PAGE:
It is extremely difficult, if not downright impossible, to get Microsoft's 32-bit C/C++ compiler to emit
What you have to remember is that conditional moves were first introduced with the Pentium Pro processor, and while Microsoft had a compiler switch that would tune the generated code for this 6th generation processor (the long-deprecated
/G6), they never emitted code that would run exclusively on this processor. The code still needed to run on 5th generation processors (i.e., Pentium and AMD K6), so it couldn't use
CMOVcc instructions because those would have generated illegal instruction exceptions. Unlike Intel's compiler, global dynamic dispatching was not (and is still not) implemented.
Also, it is worth noting that no switch was ever introduced to target exclusively 6th generation processors and later. There's no
/arch:CMOV or whatever they might call it. Supported values for the
/arch switch go straight from
IA32 (the lowest common denominator, for which
CMOV would be potentially illegal) to
SSE. However, the documentation does confirm that, as one might expect, enabling SSE or SSE2 code generation implicitly enables the use of conditional-move instructions and anything else that was introduced before SSE:
In addition to using the SSE and SSE2 instructions, the compiler also uses other instructions that are present on the processor revisions that support SSE and SSE2. An example is the CMOV instruction that first appeared on the Pentium Pro revision of the Intel processors.
Therefore, in order to have any hope of getting the compiler to emit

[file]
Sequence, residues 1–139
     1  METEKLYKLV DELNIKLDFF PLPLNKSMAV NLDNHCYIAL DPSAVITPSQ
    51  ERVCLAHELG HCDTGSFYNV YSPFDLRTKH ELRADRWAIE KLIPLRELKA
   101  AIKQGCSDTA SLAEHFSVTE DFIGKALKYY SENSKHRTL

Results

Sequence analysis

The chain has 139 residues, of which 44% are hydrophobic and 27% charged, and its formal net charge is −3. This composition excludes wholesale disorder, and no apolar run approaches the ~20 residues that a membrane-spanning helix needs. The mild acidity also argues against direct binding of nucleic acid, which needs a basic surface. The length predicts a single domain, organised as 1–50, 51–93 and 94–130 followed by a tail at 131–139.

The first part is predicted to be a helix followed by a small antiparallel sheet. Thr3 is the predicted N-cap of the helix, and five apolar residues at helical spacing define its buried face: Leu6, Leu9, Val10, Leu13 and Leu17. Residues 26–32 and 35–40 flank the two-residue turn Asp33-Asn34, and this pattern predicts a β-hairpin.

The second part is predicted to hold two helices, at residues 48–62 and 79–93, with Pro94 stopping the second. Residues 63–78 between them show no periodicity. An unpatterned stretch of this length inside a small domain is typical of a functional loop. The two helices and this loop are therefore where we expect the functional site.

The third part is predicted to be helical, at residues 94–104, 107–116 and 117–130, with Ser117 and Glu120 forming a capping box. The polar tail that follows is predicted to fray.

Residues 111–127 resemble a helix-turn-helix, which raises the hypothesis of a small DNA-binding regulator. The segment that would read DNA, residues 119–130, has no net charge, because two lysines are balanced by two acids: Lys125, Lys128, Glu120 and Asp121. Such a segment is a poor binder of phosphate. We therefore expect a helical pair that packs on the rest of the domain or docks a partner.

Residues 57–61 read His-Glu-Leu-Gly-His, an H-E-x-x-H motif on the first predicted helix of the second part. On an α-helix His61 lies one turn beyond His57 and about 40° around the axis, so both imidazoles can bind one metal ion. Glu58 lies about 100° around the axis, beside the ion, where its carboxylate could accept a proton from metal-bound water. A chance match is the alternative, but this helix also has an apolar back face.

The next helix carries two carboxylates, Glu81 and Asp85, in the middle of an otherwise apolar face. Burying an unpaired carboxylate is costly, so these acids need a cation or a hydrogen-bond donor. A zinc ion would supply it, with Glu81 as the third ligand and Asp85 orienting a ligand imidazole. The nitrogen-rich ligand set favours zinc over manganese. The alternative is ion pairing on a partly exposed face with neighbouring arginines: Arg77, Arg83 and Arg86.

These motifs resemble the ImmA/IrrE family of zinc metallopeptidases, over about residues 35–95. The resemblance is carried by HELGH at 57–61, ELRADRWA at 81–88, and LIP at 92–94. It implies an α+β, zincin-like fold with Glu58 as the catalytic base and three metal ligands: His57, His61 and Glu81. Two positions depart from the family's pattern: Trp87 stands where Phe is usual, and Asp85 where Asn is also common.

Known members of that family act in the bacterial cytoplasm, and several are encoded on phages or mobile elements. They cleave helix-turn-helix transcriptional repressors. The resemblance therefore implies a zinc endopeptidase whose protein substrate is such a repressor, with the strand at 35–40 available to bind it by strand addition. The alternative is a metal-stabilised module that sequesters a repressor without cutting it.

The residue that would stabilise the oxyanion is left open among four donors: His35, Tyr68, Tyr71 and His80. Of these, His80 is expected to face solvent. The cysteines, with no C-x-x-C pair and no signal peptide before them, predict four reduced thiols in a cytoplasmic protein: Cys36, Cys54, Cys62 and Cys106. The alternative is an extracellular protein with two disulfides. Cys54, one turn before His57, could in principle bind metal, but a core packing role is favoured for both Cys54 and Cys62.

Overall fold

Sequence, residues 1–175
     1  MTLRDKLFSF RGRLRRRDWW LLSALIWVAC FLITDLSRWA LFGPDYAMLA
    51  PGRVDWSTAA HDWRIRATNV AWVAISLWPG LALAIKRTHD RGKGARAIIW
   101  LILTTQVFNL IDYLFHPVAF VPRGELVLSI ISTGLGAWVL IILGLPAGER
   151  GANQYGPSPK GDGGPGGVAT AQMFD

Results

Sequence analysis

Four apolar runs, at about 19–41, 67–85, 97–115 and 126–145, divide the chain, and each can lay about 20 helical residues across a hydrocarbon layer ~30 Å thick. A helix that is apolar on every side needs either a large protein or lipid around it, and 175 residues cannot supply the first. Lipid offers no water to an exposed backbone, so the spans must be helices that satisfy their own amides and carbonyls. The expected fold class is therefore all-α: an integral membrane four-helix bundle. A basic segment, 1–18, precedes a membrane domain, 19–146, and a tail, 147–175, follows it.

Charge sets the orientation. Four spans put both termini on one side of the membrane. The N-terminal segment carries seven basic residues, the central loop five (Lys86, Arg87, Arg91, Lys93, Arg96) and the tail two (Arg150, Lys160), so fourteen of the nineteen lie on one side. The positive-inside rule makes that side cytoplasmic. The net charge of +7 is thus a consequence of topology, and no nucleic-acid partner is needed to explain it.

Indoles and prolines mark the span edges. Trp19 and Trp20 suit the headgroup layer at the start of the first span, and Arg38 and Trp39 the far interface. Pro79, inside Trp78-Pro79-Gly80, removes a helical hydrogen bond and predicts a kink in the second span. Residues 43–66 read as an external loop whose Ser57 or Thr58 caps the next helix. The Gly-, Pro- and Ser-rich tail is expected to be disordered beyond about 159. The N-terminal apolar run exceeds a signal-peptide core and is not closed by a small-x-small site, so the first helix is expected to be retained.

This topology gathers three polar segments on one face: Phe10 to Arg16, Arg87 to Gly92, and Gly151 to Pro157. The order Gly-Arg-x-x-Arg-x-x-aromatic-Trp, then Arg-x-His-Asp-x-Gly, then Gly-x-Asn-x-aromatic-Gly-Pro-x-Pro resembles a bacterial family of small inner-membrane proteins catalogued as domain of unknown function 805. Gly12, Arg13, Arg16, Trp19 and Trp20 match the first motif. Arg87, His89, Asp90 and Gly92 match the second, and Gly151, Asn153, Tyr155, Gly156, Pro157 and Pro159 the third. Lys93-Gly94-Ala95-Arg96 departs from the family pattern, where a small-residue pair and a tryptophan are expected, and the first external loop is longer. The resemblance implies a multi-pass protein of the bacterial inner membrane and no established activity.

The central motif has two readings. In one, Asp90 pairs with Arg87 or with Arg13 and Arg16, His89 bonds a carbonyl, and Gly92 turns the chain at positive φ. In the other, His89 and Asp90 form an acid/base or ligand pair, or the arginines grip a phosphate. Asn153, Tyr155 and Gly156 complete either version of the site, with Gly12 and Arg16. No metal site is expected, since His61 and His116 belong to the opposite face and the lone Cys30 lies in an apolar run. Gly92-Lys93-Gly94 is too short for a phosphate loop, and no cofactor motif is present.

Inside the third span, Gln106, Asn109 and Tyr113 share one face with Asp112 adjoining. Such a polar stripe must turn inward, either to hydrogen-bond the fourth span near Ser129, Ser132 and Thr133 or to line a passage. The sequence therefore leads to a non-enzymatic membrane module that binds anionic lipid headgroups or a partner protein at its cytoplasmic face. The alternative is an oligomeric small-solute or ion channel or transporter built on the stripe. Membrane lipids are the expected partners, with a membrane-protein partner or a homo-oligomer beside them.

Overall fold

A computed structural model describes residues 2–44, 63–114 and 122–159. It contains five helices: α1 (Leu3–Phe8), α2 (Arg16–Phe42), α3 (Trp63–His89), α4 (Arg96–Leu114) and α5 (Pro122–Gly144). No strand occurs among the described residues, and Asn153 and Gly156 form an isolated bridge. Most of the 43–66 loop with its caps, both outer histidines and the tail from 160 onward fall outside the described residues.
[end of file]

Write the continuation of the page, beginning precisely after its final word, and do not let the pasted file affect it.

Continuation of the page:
CMOV instructions, you must set
/arch:SSE or higher. Nowadays, of course, this is no big deal. You can simply set
/arch:SSE2 and be safe, since all modern processors support these instruction sets.
But that's only half of the battle. Even when you have the right compiler switches enabled, it is extremely difficult to get MSVC to emit
CMOV instructions. Here are two important observations:
MSVC 10 (Visual Studio 2010) and earlier virtually never generate
CMOV instructions. I've never seen them in the output, no matter how many variations of source code I've tried. I say "virtually" because there might be some crazy edge case that I missed, but I very much doubt it. None of the optimization flags have any effect on this.
However, MSVC 11 (Visual Studio 2012) introduced significant improvements to the code generator, at least in this aspect. This and later versions of the compiler now seem to be at least aware of the existence of the
CMOVcc instructions, and may emit them under the right conditions (i.e.,
/arch:SSE or later, and use of the conditional operator, as described below).
I've found that the most effective way to cajole the compiler into emitting a
CMOV instruction is to use the conditional operator instead of a long-form
else statement. Although these two constructs should be completely equivalent as far as the code generator is concerned, they are not.
In other words, while you might see the following translated to a branchless
int value = (a < b) ? a : b;
you will always get branching code for the following sequence:
if (a < b) value = a;
else value = b;
At the very least, even if your use of the conditional operator doesn't cause a
CMOV instruction (such as on MSVC 10 or earlier), you might still be lucky enough to get branchless code by some other means—e.g.,
SETcc or clever use of
DEC. This is what the disassembly you've shown in the question uses, and although it is not quite as optimal as
CMOVcc, it's certainly comparable and the difference is not worth worrying about. (The only other branching instruction is part of the loop.)